Monday, 1 June 2009

A Necessary Evil?

According to a recent survey by the PRCA, AVE is still the evaluative method of choice for most PRs – funny that, since anecdotal evidence suggests that most of us aren’t big fans.

The reality, of course, is that the majority of PRs only use it (albeit in tandem with other more qualitative methods) for want of a truly viable alternative. And while the debate over AVE’s credibility as a method continues to rage on, we seem to be no closer to finding our evaluative holy grail.

AVE is an inexact science which reduces all the many subleties and nuances of a great PR campaign to the most basic level. It ignores all manner of vital campaign elements – not least the individual PR needs of the client – and encourages a culture of going after the big hit titles with sky high ad rates instead of working out what will really benefit your client in the long run.

From a footfall-driving perspective, it’s far more valuable for a small independent retailer in Birmingham to get half a page splash in the Birmingham Mail than a double page spread in The Times – but the AVE ruling will always find in favour of the paper with the highest circulation.

What’s more, the entire concept of AVE is fundamentally flawed. Equating editorial with advertising is like comparing oranges with apples – hence the popularity of the ‘PR value’ school of thought, which multiplies the AVE by three on the basis that you’re three times more likely to read, recall and retain a piece of editorial than an advert. And don’t even get me started on online PR measurement, for which there appears to be no consistent methods at all.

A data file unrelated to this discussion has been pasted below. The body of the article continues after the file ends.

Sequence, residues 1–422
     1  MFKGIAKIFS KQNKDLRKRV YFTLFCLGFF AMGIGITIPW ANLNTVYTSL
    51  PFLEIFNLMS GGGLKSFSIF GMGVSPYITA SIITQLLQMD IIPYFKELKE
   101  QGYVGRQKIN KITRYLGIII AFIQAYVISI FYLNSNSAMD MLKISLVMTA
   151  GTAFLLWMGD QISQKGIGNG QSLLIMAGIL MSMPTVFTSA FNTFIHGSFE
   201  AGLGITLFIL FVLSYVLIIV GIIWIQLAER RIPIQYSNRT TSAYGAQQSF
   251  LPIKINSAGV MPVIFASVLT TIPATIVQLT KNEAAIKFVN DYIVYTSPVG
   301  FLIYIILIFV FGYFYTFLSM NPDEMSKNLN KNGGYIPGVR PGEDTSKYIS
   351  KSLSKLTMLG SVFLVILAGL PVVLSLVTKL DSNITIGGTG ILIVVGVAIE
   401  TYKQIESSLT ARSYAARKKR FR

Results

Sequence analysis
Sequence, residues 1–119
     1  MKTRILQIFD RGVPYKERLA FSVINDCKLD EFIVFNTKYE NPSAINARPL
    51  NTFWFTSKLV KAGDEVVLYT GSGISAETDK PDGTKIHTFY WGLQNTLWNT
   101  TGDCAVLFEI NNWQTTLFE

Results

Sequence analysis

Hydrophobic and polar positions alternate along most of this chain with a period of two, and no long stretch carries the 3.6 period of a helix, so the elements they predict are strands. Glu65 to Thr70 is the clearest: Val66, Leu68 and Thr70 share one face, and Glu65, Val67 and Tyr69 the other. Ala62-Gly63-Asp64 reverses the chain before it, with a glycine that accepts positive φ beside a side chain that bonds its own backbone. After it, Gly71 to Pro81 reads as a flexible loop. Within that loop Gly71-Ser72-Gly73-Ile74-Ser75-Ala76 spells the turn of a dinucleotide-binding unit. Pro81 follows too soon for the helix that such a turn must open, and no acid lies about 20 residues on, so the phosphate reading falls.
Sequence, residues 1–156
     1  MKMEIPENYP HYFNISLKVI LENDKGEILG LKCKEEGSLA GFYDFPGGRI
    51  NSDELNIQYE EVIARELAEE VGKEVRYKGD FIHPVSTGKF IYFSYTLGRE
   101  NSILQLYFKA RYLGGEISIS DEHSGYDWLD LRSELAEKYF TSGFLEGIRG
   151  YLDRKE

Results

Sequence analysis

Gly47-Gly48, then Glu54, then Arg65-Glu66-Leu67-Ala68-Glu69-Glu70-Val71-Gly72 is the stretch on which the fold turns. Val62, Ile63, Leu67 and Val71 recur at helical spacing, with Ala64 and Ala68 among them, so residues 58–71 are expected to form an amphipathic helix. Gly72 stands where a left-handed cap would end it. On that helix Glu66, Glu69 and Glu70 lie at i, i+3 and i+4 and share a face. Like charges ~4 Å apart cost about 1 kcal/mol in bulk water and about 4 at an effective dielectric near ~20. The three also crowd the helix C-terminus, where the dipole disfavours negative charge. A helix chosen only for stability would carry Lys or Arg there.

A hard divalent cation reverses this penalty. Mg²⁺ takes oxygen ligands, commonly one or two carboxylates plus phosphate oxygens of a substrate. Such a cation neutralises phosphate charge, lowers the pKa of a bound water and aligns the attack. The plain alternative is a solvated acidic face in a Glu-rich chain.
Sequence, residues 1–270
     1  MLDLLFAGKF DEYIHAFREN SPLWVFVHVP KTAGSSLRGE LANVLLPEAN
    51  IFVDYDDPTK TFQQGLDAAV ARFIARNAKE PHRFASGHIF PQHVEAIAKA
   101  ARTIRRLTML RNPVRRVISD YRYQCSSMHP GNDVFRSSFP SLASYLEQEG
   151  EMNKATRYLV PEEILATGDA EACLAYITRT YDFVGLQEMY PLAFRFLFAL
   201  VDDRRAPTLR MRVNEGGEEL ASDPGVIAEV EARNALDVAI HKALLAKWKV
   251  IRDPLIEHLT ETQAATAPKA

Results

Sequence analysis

Regardless of what approach you take, there’s no escaping the fact that measuring the success of PR just isn’t that cut and dried. But in today’s economic climate, the pressure to justify the value of what we do and prove to clients that PR is making a difference to their bottom lines is greater than ever.

Monitoring key messages and developing complex KPIs can certainly appear impressive, but in essence it’s pretty simple: clients like numbers. Better than that, they like big numbers (except when we’re talking fees, of course). And if you can’t provide those all-important number-crunching stats, it’s very difficult for clients to argue your case to the big boss when budget review time comes around.

Love them or hate them, AVEs are still a part of the PR system for many of us. And, until the industry comes up with something better, they’ll continue to be – as long as we are ruled by market forces which demand we prove our worth in a lingo that everyone understands: the language of money.

Fortunately for those of us who work in the retail & leisure sector, there’s another, far more telling indicator of a PR campaign’s success: footfall. Because if you tell them, they will come. (Well, if you tell them in a way that’s engaging, relevant and using the right media channels.) With footfall figures, there’s nothing to hide behind, no numerical wizardry involved – just cold, hard, indisputable facts. Now there’s a thought.


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